“Since we cannot prevent hazards, the main opportunity for reducing risk lies in tackling vulnerability and exposure,” the Disaster Risk Management Knowledge Centre report says. It is necessary to identify and tackle the underlying drivers of risks, it adds.
Scientists have endeavoured to understand and model risk better through new technologies to capture signals and monitoring threats.
The Disaster Risk Management Knowledge Centre has produced the report, “Science for Disaster Risk Management 2020: Acting today, protecting tomorrow.” More than 300 experts drafted it. It took them more than two years to complete the 600+-page report on disasters’ consequences on various assets at risk.
The report “aims to contribute to bridging the gap between scientific and practical knowledge with policy needs and actions, while advancing techniques and knowledge on disaster risk.”
The publication looks at various Disaster Risk Management (DRM) phases, focusing on a disaster’s immediate consequences and identifying what assets need to be protected.
The report also follows the recommendation of the previous Science for DRM report published in 2017.
The Science for Disaster Risk Management 2020 report moves from identifying problems to providing solutions sharing information on prevention, mitigation, adaptation strategies and approaches citing powerful case studies demonstrating what the DRM community has learned from disasters while identifying where the gaps lie.
All major international agreements and framework since 2015, the Sendai Framework for Disaster Risk Reduction, Agenda 2030, the Paris Agreement, and the 2016 Urban agenda are based on the same premise – to anticipate risk and manage and then evolved to a greater emphasis on prevention and preparedness.
The SDRM 2020 report is composed of five chapters.
Chapter 1 sets out the policy context at global and EU levels. It presents the major actors involved and their roles in advancing Disaster Risk Management.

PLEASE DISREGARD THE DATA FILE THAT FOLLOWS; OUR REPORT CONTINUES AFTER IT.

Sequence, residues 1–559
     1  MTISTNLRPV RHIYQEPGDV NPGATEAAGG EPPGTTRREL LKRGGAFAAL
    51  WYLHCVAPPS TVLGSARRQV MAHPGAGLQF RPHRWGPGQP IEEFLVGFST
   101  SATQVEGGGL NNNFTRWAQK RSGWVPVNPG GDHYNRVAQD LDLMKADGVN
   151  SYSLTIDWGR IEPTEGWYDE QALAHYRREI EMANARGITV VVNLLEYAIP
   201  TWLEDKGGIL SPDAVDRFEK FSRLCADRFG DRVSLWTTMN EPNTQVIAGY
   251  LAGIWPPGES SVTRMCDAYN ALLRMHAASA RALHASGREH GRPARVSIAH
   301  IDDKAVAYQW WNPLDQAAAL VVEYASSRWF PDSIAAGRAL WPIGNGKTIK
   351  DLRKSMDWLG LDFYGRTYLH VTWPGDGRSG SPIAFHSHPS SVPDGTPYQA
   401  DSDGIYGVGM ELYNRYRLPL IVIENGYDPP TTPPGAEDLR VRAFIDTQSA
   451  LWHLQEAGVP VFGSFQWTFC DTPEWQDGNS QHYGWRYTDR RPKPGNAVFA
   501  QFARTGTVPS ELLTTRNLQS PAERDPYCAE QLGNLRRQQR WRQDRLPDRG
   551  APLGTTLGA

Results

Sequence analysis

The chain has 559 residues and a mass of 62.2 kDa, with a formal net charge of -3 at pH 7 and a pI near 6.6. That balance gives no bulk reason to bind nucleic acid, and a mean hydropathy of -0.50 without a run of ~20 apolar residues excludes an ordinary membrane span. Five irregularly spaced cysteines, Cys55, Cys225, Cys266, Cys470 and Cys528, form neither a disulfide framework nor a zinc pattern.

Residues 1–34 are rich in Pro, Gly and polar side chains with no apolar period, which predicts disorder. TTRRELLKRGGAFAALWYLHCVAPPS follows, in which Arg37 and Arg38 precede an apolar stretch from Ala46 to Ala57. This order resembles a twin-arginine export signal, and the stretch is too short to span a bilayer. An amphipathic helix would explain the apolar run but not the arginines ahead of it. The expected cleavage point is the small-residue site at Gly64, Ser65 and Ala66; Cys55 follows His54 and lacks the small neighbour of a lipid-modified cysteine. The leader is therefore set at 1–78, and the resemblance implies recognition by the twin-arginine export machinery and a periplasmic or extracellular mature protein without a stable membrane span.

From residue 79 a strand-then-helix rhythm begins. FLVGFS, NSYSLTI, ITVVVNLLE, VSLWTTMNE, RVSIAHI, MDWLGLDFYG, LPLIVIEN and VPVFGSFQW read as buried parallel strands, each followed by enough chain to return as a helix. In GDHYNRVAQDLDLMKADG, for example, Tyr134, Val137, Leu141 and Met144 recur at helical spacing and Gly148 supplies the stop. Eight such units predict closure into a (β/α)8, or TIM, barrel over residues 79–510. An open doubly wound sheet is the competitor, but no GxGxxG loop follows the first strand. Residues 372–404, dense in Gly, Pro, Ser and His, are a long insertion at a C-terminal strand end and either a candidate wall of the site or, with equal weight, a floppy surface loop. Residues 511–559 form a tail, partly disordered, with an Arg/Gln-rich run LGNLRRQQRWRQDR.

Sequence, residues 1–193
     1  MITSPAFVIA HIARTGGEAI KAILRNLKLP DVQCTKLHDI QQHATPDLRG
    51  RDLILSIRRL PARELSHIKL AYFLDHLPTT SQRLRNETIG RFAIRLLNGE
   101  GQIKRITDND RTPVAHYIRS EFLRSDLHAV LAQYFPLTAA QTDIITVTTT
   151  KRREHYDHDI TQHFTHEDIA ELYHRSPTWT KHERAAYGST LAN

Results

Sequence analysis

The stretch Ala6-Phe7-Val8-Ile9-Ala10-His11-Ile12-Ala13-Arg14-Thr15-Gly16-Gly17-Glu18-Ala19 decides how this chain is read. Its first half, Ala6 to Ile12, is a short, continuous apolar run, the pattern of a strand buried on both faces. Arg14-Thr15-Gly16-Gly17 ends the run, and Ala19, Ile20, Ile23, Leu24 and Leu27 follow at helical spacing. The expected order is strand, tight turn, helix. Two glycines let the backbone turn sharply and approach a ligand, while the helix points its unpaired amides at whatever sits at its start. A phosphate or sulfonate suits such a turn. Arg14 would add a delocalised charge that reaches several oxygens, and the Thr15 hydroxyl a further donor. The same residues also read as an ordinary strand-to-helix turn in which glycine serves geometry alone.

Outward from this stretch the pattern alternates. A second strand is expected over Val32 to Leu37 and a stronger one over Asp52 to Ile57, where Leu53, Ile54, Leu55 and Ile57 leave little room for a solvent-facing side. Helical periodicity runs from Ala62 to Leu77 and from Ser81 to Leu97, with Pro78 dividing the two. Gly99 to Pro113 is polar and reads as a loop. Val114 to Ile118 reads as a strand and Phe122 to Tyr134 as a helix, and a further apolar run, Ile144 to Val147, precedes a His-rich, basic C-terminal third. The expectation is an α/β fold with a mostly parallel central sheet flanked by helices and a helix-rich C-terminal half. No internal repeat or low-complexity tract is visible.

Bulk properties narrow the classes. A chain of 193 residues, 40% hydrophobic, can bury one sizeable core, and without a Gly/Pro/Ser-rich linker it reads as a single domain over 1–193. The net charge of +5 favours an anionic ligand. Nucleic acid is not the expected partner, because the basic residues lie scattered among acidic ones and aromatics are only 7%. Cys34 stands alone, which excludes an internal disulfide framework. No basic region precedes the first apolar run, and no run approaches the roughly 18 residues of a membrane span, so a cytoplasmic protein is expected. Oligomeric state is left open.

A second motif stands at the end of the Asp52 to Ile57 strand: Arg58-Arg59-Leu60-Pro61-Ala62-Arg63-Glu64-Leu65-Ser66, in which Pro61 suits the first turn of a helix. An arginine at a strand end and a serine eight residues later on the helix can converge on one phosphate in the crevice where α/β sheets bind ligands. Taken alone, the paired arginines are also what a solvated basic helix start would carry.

Chapter 2 discusses integrating the DRM’s three phrases – risk assessment, risk management planning, and implementing risk management measures into policies and actions and the actors involved in the process.
Chapter 3 contains the report’s core content and addresses society’s five critical assets: population, economic sectors, critical infrastructures, ecosystem services, and cultural heritage. The authors identify which impacts commonly occurs after a disaster and review procedures for analysing these impacts.
Drawing from past experiences, chapter 3 illustrates the link between assets’ effects and characteristics and the lessons learned from managing risks after the event.
Five powerful case studies are also analysed and described in this chapter:
- the earthquakes in Central Italy from 2016 to 2017,
- the Fukushima Daiichi accident in 2011, the Eyjafjallajökull eruption in 2010,
- the Forest fires in Portugal in 2017, and
- the Covid-19 emergency.
Chapter 4 describes the interaction between different governance levels, stakeholders, and groups and how they connect before and after a disaster. This chapter also includes an overview of culture’s role in disaster management, focusing on disaster education and training.
Chapter 5 explores the potential collaboration between the EU, the DRM practices, and countries outside of the EU to share lessons learned, innovations to improve the DRM systems.
To access the report, click the link below:
Casajus Valles, A., Marin Ferrer, M., Poljanšek, K., Clark, I. (eds.), ‘Executive summary of the report Science for Disaster Risk Management 2020: acting today, protecting tomorrow’, EUR 30183 EN, Publications Office of the European Union, Luxembourg, 2020, ISBN 978-92-76-27150-5, doi:10.2760/919253, JRC114026.
Casajus Valles, A., Marin Ferrer, M., Poljanšek, K., Clark, I. (eds.), ‘Science for Disaster Risk Management 2020: acting today, protecting tomorrow’, EUR 30183 EN, Publications Office of the European Union, Luxembourg, 2020, ISBN 978-92-76-18181-1, doi:10.2760/438998, JRC114026.